“A clever person solves a problem. A wise person avoids it.”
                        ? Albert Einstein



                        • #13
                          I dont think you can 'just' look at the walk and tell if the horse is a good jumper.

                          One of my TB mares had a AMAZZZZZZING walk. I boarded at a respectable Hanoverian breeders and she always commented on Pumas walk (We called her Puma because she walked like a cat). She moved with her whole body and had a big overstep. She however was not the most amazing jumper. Good correct form but not a whole lot of scope (prob would have topped out at 3'9").

                          My old broodmare, not the greatest walk, correct but not much overtrack (she did however get a 7 on her walk at her AHS inspection somehow) but she was a really good jumper.

                          My new mare doesnt have a very good walk, like the above but not as nice. she is BY FAR the best jumper out of them all. Today i decided to free jump her for fun. She popped over 4ft like it was nothing with jaw dropping form, cracking her back, square knees to her eyeballs, and a nice relaxed hind leg. on most days she barley track ups. When she trots she likes to pretend her hind legs are a sewing machine.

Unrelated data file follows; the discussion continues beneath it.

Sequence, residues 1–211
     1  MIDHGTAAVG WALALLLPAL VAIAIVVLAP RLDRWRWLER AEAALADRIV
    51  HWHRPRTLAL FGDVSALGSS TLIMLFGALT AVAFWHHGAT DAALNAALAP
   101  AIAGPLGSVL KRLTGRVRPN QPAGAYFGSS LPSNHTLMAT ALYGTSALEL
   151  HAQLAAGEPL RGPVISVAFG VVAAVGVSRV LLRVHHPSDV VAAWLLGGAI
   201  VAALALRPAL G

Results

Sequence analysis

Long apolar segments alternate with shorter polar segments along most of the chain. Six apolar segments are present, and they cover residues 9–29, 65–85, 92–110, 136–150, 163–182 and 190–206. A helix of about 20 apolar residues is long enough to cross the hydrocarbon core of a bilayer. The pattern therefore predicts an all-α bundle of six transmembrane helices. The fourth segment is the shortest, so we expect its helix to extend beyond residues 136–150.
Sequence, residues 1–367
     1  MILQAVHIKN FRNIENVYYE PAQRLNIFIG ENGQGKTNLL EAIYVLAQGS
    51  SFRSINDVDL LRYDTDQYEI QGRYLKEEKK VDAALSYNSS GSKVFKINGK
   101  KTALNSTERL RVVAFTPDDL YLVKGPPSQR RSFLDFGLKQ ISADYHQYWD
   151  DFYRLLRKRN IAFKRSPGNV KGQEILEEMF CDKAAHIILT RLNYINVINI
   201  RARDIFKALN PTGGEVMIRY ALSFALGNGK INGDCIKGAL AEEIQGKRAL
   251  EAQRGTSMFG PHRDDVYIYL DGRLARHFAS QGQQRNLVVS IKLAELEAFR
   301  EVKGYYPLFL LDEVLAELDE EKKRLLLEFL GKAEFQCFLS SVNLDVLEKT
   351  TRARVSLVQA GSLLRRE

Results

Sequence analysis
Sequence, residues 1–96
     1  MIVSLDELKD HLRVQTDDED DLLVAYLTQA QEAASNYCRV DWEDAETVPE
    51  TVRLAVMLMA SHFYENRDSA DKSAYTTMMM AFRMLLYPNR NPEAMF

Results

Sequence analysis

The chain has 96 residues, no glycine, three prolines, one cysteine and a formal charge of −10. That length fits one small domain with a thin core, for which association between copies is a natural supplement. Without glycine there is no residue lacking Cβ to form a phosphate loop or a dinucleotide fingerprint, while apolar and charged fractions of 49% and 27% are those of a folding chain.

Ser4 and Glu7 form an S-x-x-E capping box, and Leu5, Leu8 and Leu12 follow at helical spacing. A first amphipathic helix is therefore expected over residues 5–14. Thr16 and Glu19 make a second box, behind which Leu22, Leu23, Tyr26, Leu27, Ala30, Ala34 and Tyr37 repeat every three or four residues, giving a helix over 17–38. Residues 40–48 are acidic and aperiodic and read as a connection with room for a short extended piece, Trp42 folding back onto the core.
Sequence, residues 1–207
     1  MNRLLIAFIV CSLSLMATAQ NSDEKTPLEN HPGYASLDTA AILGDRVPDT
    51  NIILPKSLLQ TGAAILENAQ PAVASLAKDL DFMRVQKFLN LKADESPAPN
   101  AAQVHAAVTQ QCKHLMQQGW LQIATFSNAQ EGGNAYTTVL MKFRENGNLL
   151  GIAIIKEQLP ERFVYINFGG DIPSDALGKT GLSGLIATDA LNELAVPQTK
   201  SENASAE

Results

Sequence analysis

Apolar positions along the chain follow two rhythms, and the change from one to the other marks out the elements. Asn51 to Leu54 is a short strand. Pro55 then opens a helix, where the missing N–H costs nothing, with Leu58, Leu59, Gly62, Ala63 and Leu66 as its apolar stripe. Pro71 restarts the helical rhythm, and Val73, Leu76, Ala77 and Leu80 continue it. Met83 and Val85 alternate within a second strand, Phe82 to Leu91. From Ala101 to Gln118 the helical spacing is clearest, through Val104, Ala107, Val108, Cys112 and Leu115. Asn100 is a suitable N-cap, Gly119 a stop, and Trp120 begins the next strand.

"Let the fence be the bit." - Phillip Dutton


                          • #14
                            Here's what I think:
                            - a great walk with a huge overstep suggests that i horse has some athleticism
                            - some really athletic horses don't have a huge overstep.

                            Necessary and sufficient conditions (anyone remember that from university?)


                            • #15
                              Yes, "it must be cold for it to snow, but just because it's cold doesn't mean it's snowing" That theory?


                              • #16
                                Well, your average TWH tracks up at the walk like nobody's business but the breed isn't exactly known for its gallop and jump.